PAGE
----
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were informed that a committee in the liberal interest was sitting in
every town in the county, and that at the proper time the name of a fit
candidate would be announced.

My friends cordially concurring in these sentiments, unanimously
adopted the addresses, undertook to publish them in the newspapers,
to arrange their distribution, and organize committees throughout the
county. They were, of course, very anxious to know who was to be their
candidate. I told them at once that it was not to be expected that they
could succeed in their first attempt, but that such a course would
{271} assuredly secure for them in future much more attention to their
interests from their county members. With respect to a candidate, if
they could not themselves find one, these placards and advertisements
would without doubt produce one.

I may here mention that a member of the Cambridge committee in
Cockspur Street had taken rooms at the Crown and Anchor, and, in
conjunction with many other Liberals, instituted the Patriotic Fund,
for the purpose of collecting subscriptions for the support of liberal
candidates at the first elections under the Reform Bill. A very large
sum was soon subscribed.

In the broadsides and placards issued in Shropshire, I had taken care
to allude to this fund in large capitals.

I now got into the mail for London, amidst the hearty congratulations
of my Shropshire friends. During the few minutes’ rest at Northampton,
I had an opportunity of seeing a member of the Liberal committee and
of informing him of our proceedings in Shropshire, and afterwards of
conveying his report of the prospects of the contest in that town to
our friends in London.

Two or three days after every town, and almost every village in
Shropshire, was enlightened by my placards; and in the course of a few
days more, three candidates were in the field.

〈PATRIOTIC FUND AIDS IT WITH £500.〉

On my return to London I communicated with the Patriotic Fund, who sent
down 500 _l._ to support the party in Shropshire. After a short contest
the Liberal party was of course beaten; but the diversion produced the
intended effect.

* * * * *

One portion of electioneering tactics is thought to consist in the
manufacture of squibs. These should never give pain nor allude to
any personal defect or inevitable evil. They {272} ought either to
produce a broad laugh or that involuntary smile which true wit usually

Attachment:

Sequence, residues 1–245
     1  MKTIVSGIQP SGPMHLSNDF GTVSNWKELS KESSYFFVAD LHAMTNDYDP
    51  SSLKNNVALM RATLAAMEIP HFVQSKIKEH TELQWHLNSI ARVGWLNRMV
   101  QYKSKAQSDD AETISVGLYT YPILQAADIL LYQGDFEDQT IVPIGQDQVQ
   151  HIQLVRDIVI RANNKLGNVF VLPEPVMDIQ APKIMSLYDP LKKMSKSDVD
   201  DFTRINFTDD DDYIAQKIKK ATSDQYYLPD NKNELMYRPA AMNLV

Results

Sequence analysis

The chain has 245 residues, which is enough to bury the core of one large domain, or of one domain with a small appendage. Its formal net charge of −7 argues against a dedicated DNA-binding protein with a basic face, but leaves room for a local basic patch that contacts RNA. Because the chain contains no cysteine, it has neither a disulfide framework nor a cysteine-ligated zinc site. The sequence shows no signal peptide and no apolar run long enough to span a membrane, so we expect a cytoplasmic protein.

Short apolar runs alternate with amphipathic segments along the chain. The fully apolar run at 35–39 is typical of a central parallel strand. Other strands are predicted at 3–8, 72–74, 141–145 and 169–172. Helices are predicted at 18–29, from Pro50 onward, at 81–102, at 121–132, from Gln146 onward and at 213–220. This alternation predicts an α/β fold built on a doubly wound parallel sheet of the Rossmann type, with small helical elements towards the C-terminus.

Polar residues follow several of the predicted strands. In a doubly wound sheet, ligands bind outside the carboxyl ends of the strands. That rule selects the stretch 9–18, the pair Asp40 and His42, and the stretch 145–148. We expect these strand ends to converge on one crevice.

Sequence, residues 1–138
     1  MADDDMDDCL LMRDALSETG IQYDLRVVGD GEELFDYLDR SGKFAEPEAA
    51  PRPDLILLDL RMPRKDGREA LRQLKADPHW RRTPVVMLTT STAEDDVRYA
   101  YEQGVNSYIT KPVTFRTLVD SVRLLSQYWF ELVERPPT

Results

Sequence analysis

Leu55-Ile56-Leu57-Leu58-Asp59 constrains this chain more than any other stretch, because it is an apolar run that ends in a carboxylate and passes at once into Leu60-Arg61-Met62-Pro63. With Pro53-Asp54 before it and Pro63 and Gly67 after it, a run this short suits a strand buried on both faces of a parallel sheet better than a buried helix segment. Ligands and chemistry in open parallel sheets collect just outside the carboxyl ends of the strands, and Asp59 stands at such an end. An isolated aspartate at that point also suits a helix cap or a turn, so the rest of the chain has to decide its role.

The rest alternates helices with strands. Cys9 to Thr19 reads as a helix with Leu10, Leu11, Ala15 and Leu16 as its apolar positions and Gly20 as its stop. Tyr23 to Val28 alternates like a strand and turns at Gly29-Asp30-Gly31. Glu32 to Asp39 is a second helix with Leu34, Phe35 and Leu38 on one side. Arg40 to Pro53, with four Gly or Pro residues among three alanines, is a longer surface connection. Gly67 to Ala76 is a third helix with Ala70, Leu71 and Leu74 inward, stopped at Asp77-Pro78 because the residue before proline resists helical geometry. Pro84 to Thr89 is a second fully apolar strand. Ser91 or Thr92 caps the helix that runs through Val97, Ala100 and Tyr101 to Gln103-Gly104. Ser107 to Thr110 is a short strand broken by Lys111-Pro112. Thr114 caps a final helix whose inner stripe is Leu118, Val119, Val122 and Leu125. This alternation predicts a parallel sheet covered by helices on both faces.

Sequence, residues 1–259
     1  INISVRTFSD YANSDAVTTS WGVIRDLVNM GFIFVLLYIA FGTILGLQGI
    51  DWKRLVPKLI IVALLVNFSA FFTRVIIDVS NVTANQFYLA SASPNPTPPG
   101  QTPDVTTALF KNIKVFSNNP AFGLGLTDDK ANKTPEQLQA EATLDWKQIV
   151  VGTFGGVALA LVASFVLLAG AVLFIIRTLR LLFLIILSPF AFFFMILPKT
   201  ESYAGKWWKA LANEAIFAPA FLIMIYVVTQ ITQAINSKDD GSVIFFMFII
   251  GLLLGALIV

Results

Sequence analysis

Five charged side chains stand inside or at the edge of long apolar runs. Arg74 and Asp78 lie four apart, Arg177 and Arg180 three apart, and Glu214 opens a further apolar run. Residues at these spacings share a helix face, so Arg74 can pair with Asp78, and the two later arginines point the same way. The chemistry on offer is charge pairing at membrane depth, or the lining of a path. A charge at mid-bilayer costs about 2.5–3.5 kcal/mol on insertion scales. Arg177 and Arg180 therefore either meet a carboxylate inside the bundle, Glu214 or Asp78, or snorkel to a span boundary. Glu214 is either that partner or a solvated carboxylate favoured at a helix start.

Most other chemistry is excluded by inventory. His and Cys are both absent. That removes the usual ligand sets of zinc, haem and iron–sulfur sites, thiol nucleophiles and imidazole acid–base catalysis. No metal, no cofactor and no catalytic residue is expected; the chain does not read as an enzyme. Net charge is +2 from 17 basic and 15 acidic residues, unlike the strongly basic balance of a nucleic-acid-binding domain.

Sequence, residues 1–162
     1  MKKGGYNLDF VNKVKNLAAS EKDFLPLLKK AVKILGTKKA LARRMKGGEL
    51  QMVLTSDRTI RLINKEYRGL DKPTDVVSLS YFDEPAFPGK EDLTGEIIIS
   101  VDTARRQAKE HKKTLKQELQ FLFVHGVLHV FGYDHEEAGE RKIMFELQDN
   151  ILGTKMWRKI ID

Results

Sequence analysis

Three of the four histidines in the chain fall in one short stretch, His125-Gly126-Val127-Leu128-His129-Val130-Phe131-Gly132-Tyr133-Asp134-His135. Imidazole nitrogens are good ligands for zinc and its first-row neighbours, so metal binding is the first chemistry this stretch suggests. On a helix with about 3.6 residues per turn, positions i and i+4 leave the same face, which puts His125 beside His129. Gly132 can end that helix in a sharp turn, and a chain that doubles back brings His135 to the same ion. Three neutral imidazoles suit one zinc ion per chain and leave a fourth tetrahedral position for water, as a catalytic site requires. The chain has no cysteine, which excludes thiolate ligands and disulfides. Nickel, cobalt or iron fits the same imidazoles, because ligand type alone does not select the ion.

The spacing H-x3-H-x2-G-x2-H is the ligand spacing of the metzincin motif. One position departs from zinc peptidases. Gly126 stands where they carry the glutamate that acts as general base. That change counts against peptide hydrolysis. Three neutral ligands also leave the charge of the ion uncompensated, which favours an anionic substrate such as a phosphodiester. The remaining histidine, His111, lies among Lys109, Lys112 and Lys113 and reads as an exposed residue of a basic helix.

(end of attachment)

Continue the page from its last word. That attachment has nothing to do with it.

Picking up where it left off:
provokes. They are productive of little effect except the amusement of
the supporters engaged in carrying on the contest.

My own share in elections has generally been in more serious
departments. I remember, however, a very harmless squib which I
believed equally amused both parties, and which, I was subsequently
informed, was concocted in Mr. Cavendish’s committee-room.

High mathematical knowledge is by no means a very great qualification
in a candidate for the House of Commons, nor is the absence of it any
disparagement. In the contest to which I refer, the late Mr. Goulburn
was opposed to Mr. Cavendish. The following paragraph appeared in the
‘Morning Post:’—

“The Whigs lay great stress on the academical distinction attained
by Mr. Cavendish. Mr. Goulburn, it is true, was not a candidate for
university honours; but his scientific attainments are by no means
insignificant. He has succeeded in the exact rectification of a
circular arc; and he has likewise discovered the equation of the
lunar caustic, a problem likely to prove of great value in nautical
astronomy.”

It appears that late one evening a cab drove up in hot haste to the
office of the ‘Morning Post,’ delivered the copy as coming from Mr.
Goulburn’s committee, and at the same time ordered fifty _extra_ copies
of the ‘Post’ to be sent next morning to their committee-room.

* * * * *

〈CONTEST FOR FINSBURY.〉

During my own contest for the borough of Finsbury few incidents worth
note occurred. One day, as I was returning in an omnibus from the City,
an opportunity presented itself by which I acquired a few votes. A
gentleman at the extreme end of the omnibus being about to leave it,
asked the {273} conductor to give him change for a sovereign. Those
around expressed their opinion that he would acquire bad silver by the
exchange. On hearing this remonstrance, I thought it a good opportunity
to make a little political capital, which might perhaps be improved by
a slight delay. So I did not volunteer my services until a neighbour
of the capitalist who possessed the sovereign had offered him the loan
of a sixpence. It was quite clear that the borrower would ask for
the address of the lender, and tolerably certain that it would be in
some distant locality. So, in fact, it turned out: Richmond being the
abode of the benevolent one. Other liberal individuals offered their
services, but they only possessed half-sovereigns and half-crowns.

〈A JUDICIOUS LOAN—SIXPENCE.〉

In the mean time I had taken from my well-loaded breast-pocket one
of my own charming addresses to my highly-cultivated and independent
constituents, and having also a bright sixpence in my hand, I
immediately offered the latter as a loan, and the former as my address
for repayment. I remarked at the same time that my committee-room on
Holborn Hill, at which I was about to alight, would be open continually
for the next five weeks. This offer was immediately accepted, and
further extensive demands were instantly made upon my pocket for other
copies of my address.

My immediate neighbour, having read its fascinating contents, applied
to me for more copies, saying that he highly agreed with my sound and
patriotic views, would at once promise me six votes, and added that
he would also immediately commence a canvass in his own district. On
arriving at my committee-room I had already acquired other supporters.
Indeed, I am pretty sure I carried the whole of my fellow-passengers
with me: for I left the omnibus amidst the hearty cheers of my